At a press conference at the Ohio Statehouse, State Representative Matt Huffman (R-Lima) today unveiled legislation to reform and expand school choice within the state of Ohio. When enacted, this bill will extend private school options to more low- and middle-income families, as well as open eligibility to families currently attending private school who are making sacrifices to pay tuition. The legislation will eliminate the failing schools model as the determining factor when choosing voucher recipients.

“All Ohio families should have choices to decide what education gives their children the best opportunity,” Huffman said. “It is my intent to open doors to more students by combining the Cleveland and Ed Choice voucher programs. This program has no cap on the number of vouchers statewide.”

Specifically, Rep. Huffman’s legislation will designate scholarship amounts that are 80 percent of the amount of the state share of education and vary based on the income level of the family. When a student who currently attends a public school utilizes the scholarship, the difference between the full state funding amount ($5,783) and the scholarship amount (which may offer $1,157 to $3,470 per student) will render considerable savings to the state.

Huffman’s legislation will also create the Special Education Scholarship Program to provide scholarships for disabled children in grades K-12 to attend alternative public or private special education programs.

“No child should be denied access to any school choice options that best meets their learning needs,” Huffman said. “Above all, this legislation is designed to extend private school choice to more lower- and middle-income families who have either never had a choice or have been making tremendous sacrifices to make that choice.”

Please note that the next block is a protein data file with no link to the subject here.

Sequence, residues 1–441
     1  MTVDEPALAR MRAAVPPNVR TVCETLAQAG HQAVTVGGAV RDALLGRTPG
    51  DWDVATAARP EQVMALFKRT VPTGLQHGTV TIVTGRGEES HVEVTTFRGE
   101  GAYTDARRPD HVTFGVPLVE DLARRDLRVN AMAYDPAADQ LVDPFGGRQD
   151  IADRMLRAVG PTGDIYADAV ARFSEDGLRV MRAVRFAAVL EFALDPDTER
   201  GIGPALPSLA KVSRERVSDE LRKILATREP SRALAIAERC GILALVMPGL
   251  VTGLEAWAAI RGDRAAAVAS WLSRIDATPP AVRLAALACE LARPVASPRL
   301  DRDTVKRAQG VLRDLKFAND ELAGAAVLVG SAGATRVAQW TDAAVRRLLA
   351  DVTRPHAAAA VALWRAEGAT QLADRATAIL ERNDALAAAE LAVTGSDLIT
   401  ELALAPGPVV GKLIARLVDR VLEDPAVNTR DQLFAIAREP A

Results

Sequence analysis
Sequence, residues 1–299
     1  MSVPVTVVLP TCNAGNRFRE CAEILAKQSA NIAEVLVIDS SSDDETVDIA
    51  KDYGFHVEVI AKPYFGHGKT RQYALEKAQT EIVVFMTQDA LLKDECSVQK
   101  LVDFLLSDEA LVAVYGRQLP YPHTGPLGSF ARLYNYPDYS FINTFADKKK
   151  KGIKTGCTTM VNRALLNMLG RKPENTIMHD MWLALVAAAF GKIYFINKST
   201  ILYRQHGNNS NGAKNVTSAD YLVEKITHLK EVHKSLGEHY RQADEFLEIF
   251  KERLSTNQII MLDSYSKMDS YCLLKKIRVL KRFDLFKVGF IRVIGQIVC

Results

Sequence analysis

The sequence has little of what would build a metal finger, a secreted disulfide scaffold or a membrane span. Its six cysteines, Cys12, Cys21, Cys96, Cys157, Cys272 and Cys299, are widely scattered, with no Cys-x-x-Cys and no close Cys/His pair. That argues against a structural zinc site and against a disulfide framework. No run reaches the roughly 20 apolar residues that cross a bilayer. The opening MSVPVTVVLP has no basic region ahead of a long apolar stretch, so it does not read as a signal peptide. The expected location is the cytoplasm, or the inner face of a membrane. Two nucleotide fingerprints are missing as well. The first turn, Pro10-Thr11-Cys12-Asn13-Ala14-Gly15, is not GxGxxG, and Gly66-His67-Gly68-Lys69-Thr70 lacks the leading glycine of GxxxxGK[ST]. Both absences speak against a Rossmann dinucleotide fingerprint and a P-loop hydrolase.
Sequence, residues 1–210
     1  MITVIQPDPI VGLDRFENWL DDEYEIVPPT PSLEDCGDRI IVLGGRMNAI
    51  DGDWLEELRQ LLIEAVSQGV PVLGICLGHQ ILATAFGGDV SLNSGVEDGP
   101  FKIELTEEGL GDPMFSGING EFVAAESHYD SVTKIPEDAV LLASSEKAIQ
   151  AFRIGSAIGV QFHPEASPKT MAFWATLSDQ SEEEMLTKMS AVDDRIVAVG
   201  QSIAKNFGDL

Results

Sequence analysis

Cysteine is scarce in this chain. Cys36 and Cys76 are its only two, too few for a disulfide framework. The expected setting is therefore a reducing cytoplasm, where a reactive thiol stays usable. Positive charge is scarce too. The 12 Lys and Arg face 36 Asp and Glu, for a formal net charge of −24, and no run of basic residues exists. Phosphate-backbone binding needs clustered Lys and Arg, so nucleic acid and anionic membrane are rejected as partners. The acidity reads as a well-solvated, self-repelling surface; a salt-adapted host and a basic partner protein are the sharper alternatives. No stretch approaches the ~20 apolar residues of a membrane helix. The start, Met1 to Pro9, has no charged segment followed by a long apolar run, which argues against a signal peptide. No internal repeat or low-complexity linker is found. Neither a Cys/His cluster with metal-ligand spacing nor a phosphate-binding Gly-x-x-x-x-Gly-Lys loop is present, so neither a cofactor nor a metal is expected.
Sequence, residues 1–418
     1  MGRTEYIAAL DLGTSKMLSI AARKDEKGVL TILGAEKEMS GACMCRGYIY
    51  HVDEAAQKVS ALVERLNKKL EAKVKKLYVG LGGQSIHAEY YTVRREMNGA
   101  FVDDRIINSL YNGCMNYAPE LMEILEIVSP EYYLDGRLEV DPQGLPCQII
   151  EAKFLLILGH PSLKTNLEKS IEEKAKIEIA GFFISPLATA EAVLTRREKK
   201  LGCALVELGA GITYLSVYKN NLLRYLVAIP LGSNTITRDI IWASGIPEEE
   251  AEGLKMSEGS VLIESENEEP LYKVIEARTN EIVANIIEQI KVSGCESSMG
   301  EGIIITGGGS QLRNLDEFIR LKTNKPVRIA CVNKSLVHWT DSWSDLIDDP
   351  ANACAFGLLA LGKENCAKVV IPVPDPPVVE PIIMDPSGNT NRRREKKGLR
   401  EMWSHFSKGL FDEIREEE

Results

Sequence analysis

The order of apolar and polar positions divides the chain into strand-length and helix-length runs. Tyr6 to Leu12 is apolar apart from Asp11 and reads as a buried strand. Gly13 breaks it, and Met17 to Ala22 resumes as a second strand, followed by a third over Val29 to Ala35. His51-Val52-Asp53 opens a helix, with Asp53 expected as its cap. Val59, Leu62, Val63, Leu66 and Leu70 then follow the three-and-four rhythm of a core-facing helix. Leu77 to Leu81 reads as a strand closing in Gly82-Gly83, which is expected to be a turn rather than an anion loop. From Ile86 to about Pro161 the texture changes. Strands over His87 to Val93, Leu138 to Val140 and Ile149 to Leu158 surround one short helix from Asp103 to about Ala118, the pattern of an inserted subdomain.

If the school’s annual tuition is less than the student’s maximum scholarship amount, the savings will be rolled into an Education Savings Account for the individual child, which would also encourage parents to find the best value for their child’s education. Parents may use the education savings account to pay for private school tuition and fees, school or college textbooks, or tuition and fees at an Ohio college, university or post-high school institution.

“For the first time, many Ohio school parents will have control over how their child’s education dollar is spent,” said Huffman.

Participating private schools must be chartered by the state or have a letter of approval from the state, or be in the state chartering process and post a surety bond or letter of credit. Additionally, students must take the same state assessments that are required of public school students, and the Ohio Department of Education is required to collect and report assessment data in the same manner that is required of public schools.

This legislation will soon be referred to a House committee, where it will undergo further debate and consideration.


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